Off we went in his car toward the Stirchley/Bournville border area - a place I was really keeping an eye on because it's extremely convenient to both the train (2 stops to the university, 4 stops to downtown) and a big grocery store.  The road the place was on was well-kept enough, but across the street were big warehousey stores that were kind of a downer.  We did like the apartment.  Two rooms had wood floors.  A few pieces of furniture, including a full-size (by English standards) fridge, were included.  I don't consider "neutral decoration" to be a feature so I was pretty happy with the bright red and blue kitchen and bathroom.  The bathroom was upstairs, not a given in British houses and a big plus if you have to pee at night.  The yard was really well-kept and included a shed, a covered area, a picnic table built around a tree, and lots of plants.  Definitely the front-runner of the morning.  On the down side - it only had four rooms, all rather small.  We have two rooms right now so that's still a massive improvement, but given the layout I don't have a clear answer yet on where the dining table and where the office are going to end up.

Break for lunch!  We stopped by the university to pick up an official letter stating D's position there and his salary - hopefully enough for most agents/landlords to accept our application.  (But it's not always.  Later that day when calling around we were told by one agent that it was not enough and 6 months' rent up front would be required since we're coming from abroad.  The agent was told that we were no longer interested.)  Then we had surprisingly good pasties at some crappy-looking chain shop, called some agents to try to get appointments for later in the week (sometimes it's like twisting arms to get any response, while others are super-easy to deal with), and then walked to our next place - again in the border area between Bournville and Stirchley. 

This street was the best we'd seen yet - nearly every house looked very well-kept.  People who looked well-settled were milling about.  We did wonder a little bit about proximity to a canal and creek (flooding?) and huge power lines overhead (driven slowly crazy by not-consciously-noticeable buzzing?) but otherwise it was a pretty charming street.  We got there early but soon the agent showed up and let us in.  He hadn't seen the place yet himself - in fact we were scheduled to see three apartments with him and he hadn't seen any of them yet!!  He was pretty quiet during this viewing.  He had to ask me what the rent was and then he was quiet so I wondered if he thought it was too high...it does seem a little high for the area but here's the reason: it's been completely refurbished.  Everything in the place - laminate flooring, bathroom, kitchen, windows - is completely new and has never been used.  Sketchy side - the owner did all this in less than 7 months (I saw the last sell date online) so it could have been shoddily accomplished.  Maybe not something we'd be in the place long enough to have trouble with, but still something to note.  There were five rooms - good! One extremely small one, but the office doesn't need to be big.  But no furnishings at all included - big startup costs to get a fridge, washer, wardrobes, etc.  And the bathroom has no window. It's usually easier to avoid mold if you can go all the way and open a window. There is, though, one of those weird silent vents that I don't understand.  Yard, a bit small but hey, a yard.  Overall - well, a really nice place.  Lacking in character due to the boring refurbishing, but hey - all new everything is pretty nice regardless.  One hundred pounds more per month than our morning contender.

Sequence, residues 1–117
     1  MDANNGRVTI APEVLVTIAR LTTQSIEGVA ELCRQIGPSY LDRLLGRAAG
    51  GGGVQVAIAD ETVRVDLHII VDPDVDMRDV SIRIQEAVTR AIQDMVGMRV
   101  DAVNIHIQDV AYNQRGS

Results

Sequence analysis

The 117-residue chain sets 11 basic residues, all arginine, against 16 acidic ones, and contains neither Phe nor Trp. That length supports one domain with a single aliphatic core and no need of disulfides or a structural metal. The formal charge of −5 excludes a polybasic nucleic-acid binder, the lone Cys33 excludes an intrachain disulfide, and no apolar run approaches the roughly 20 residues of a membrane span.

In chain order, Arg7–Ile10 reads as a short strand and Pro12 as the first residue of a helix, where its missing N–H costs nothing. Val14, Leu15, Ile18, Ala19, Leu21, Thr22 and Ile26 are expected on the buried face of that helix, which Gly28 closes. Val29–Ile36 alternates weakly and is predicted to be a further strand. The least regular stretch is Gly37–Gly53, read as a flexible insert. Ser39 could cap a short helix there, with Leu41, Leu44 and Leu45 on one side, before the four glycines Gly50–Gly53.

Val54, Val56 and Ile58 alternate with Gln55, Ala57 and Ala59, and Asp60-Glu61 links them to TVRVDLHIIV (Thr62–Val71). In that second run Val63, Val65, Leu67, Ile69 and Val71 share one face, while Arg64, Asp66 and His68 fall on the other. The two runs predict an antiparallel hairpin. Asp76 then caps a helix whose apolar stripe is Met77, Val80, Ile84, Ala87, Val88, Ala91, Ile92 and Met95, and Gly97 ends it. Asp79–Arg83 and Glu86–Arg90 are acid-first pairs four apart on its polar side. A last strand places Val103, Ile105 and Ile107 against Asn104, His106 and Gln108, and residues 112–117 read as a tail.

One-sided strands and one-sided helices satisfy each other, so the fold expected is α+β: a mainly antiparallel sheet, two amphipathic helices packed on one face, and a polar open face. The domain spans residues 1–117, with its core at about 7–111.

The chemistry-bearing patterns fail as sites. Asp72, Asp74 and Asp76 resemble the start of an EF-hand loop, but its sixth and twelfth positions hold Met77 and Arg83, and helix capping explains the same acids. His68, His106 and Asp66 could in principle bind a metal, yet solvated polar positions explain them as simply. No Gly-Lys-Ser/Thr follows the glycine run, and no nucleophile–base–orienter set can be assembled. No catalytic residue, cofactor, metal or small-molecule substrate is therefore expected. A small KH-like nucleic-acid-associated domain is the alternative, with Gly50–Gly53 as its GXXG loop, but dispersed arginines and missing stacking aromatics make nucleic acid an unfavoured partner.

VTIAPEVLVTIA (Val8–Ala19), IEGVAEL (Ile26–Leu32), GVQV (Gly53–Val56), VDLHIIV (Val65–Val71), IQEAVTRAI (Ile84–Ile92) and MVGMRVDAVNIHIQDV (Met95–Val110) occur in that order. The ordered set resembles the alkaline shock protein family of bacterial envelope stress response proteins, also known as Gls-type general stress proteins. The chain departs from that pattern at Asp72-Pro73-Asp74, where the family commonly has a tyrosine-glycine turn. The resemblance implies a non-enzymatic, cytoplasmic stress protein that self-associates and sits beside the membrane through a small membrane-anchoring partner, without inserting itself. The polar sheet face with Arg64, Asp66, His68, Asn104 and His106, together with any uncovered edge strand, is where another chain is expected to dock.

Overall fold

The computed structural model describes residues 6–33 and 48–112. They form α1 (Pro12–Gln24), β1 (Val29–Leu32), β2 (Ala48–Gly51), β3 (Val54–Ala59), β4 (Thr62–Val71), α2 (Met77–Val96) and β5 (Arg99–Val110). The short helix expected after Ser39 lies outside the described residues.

On to the next one - only two streets down so right in the same charming corner.  Even more well-kept than the previous street - the house next door looked like something from a magazine.  Already you could see some awesome features - stained glass in the front bay windows, and a peacock carved over the front door!!  We walked in and you could smell that it was freshly painted.  Five rooms again - the second downstairs room had a fireplace with painted tiles on both sides.  A lot of furniture was also included, which would really help us in keeping startup costs down.  On the down side - it had a downstairs bathroom, made worse by the fact that it was (as they often are in these parts) beyond the narrow kitchen.  Kind of a pain.  Complicating the downstairs bathroom even further were the extremely steep and narrow carpeted stairs - although completely charming I wouldn't fancy stumbling down them at night to pee.  Bummer, because upstairs things were good again - real wood floors in all the bedrooms!!  Auuuughh...I think we are going to have to say no to that place because of its flaws, but it's going to be very hard for me.  I really like the interesting original features.  D has already ruled it out but I am having a hard time letting go of that stained glass.  Why couldn't one of the last two places have had something like that?  (And these are seriously dumb whines considering the cave we live in now.)